Applying ASME and British Standard Welded Fatigue Methodologies to Thermal Fatigue Case Studies and Investigating Sensitivity to Fatigue Flaw Growth Models

by Phillip E. Prueter, P.E. / July 2015

 

Phillip Prueter presented Applying ASME and British Standard Welded Fatigue Methodologies to Thermal Fatigue Case Studies and Investigating Sensitivity to Fatigue Flaw Growth Models at the ASME Pressure Vessels & Piping Conference.

 

Below is a brief outline of his presentation:

 

  • Predicting fatigue cracking at welded locations in fixed process equipment due to cyclic loading is of great interest to the chemical, petrochemical, and nuclear industries.
  • Welded fatigue methodologies have been incorporated into both ASME and international pressure vessel Codes and Standards (based on test data).
  • Some of the challenges associated with evaluating in-service equipment for susceptibility to fatigue failure are:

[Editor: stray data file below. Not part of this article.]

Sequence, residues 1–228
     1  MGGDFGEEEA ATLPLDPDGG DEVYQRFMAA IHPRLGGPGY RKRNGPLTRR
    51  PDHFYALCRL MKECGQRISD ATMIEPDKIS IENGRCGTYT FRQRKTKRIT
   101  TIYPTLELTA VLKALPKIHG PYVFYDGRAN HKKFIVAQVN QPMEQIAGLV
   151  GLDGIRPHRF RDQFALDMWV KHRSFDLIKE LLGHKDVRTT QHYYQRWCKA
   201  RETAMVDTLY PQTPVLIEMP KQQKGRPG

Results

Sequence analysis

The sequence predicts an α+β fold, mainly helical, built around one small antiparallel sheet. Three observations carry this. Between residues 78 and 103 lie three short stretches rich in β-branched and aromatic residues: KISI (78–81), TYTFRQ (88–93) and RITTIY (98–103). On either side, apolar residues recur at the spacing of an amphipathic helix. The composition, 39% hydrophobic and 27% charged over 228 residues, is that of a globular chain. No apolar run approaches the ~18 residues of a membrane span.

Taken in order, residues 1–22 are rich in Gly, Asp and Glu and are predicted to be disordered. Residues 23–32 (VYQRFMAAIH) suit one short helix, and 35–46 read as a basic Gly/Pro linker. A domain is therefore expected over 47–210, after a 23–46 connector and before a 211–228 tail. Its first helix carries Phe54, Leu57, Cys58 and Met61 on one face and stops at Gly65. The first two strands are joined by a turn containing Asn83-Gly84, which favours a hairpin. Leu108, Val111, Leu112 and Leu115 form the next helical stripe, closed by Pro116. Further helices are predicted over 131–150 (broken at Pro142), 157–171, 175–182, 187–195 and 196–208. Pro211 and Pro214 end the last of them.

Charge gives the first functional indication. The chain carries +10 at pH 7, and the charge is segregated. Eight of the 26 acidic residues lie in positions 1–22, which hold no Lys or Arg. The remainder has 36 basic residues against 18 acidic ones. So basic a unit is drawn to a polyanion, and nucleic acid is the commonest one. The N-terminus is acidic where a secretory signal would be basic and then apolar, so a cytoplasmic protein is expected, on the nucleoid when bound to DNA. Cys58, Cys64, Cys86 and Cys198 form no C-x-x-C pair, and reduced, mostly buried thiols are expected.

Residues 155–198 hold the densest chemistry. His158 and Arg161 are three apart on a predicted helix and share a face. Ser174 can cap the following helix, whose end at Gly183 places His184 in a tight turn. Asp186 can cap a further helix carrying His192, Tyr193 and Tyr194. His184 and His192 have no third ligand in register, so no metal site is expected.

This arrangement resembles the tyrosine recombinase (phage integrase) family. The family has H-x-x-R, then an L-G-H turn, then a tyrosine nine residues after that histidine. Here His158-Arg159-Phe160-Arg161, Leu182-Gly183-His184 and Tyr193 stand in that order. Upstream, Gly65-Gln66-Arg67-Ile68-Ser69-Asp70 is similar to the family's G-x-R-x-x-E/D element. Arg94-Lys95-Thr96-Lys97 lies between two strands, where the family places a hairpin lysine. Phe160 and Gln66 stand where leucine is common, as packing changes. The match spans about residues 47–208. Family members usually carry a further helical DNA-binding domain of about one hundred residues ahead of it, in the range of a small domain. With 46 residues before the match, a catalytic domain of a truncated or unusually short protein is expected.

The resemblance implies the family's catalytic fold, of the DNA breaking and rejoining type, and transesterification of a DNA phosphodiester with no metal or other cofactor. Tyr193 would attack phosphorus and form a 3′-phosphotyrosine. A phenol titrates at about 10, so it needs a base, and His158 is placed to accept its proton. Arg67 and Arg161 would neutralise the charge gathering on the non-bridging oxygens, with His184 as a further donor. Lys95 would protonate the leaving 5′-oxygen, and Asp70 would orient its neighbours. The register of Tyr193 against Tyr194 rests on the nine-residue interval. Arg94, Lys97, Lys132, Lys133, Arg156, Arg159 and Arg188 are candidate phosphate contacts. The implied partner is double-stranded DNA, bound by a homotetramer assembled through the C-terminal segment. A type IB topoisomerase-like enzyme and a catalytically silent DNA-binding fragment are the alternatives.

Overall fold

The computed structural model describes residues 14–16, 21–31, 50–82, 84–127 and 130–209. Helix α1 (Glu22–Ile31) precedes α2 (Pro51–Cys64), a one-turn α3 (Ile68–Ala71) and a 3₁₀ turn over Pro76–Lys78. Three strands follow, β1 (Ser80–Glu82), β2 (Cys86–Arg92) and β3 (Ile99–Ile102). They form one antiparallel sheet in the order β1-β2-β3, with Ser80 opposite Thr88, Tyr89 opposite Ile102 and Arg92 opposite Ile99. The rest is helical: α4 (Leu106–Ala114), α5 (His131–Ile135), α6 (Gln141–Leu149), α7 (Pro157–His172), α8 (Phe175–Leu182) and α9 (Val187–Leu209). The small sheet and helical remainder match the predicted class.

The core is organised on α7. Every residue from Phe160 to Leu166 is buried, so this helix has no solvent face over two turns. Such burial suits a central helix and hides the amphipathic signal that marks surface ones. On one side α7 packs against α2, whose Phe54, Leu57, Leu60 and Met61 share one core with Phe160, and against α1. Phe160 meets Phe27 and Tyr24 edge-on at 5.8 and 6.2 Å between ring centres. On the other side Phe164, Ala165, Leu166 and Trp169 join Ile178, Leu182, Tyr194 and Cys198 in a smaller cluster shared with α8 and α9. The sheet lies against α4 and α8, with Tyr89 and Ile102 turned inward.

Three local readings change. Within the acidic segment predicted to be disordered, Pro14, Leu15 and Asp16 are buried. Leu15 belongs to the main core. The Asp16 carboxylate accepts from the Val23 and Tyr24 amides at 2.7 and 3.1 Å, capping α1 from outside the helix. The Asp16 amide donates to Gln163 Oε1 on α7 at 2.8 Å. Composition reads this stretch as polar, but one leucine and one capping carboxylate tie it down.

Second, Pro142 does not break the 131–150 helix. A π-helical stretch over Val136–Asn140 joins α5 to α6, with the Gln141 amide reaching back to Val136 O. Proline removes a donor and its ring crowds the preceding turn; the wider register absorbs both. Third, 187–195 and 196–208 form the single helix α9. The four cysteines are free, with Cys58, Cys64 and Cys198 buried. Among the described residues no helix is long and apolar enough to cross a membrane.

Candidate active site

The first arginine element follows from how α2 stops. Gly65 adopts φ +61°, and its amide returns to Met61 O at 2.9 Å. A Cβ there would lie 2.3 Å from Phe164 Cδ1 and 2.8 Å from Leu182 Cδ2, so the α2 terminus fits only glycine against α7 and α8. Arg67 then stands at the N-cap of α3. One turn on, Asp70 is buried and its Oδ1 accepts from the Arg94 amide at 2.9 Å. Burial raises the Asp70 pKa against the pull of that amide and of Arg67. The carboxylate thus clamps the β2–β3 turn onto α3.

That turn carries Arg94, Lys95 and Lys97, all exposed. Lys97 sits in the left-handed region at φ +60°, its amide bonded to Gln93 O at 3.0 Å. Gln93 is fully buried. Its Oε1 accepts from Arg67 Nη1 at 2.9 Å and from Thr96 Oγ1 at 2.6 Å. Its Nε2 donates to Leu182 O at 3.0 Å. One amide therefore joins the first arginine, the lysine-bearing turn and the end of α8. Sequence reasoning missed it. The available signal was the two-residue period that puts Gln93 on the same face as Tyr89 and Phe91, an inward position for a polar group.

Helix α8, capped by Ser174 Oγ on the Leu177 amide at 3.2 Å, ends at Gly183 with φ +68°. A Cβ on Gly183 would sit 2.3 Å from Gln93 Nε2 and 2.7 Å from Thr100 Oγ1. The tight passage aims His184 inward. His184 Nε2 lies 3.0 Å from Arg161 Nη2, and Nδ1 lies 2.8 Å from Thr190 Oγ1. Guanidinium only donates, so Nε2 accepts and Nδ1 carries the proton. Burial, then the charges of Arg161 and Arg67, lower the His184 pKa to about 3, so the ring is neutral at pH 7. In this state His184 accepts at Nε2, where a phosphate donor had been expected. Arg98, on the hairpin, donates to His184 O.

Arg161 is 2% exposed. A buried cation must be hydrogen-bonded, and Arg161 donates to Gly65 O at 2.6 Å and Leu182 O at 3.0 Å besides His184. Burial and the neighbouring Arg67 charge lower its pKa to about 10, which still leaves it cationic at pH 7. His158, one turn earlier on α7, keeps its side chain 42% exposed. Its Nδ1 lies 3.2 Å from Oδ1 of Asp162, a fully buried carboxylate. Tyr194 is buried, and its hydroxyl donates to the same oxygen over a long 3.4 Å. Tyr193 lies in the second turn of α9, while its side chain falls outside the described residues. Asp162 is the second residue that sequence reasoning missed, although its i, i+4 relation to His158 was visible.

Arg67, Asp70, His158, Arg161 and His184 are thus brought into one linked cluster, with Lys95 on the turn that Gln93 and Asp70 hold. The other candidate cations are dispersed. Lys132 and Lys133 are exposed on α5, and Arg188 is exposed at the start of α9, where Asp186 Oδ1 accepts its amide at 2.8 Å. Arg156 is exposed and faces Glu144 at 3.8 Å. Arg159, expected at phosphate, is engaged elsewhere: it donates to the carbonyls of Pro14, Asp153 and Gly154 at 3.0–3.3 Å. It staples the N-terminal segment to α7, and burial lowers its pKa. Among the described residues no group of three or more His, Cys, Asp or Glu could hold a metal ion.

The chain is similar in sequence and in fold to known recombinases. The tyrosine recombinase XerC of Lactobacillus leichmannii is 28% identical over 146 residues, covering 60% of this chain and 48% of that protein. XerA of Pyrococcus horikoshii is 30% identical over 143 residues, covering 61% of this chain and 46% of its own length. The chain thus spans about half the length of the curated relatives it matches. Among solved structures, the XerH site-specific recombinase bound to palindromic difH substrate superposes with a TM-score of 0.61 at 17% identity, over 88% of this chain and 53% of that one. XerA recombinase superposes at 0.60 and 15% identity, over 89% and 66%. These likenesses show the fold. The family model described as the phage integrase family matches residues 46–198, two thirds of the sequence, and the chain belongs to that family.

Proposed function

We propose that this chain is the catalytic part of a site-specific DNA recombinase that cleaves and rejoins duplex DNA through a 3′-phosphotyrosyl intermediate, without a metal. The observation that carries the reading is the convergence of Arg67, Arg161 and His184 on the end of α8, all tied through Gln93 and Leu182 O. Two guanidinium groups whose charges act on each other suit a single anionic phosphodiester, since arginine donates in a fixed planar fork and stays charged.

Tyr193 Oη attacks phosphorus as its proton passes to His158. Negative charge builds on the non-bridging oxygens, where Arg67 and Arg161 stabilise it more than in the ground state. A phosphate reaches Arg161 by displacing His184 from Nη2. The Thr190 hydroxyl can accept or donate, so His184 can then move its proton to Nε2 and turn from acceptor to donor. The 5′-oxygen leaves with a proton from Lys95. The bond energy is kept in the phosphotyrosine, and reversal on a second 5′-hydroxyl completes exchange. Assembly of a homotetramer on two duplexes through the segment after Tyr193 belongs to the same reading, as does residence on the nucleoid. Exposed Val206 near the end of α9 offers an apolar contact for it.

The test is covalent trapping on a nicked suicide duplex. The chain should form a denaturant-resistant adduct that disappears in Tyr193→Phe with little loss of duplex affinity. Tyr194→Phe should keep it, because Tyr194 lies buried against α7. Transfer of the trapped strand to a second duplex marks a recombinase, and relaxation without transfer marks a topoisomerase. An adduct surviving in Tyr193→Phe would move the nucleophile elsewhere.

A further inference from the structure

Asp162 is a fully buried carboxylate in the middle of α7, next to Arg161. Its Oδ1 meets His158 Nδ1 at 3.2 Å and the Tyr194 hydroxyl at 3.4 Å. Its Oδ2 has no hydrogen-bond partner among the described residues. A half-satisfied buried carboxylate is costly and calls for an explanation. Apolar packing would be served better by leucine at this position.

• Considering the overall scatter associated with the test data
    • Using Code-based fatigue predictions to make practical recommendations relating to establishing inspection intervals and facilitating overall life cycle management.
  • In this study, the welded fatigue methodologies outlined in ASME Section VIII Division 2 (Battelle Structural Stress Method) and British Standard PD 5500 are utilized.
  • Several case studies are investigated where transient thermal-mechanical finite element analysis (FEA) is used to develop fatigue predictions for several pieces of in-service equipment that experienced significant cracking.
  • Fracture mechanics calculations are performed to determine critical flaw sizes, and sub-critical fatigue flaw growth calculations are performed.
  • Flaw propagation rate sensitivity to varying fatigue flaw growth models is quantified and discussed.

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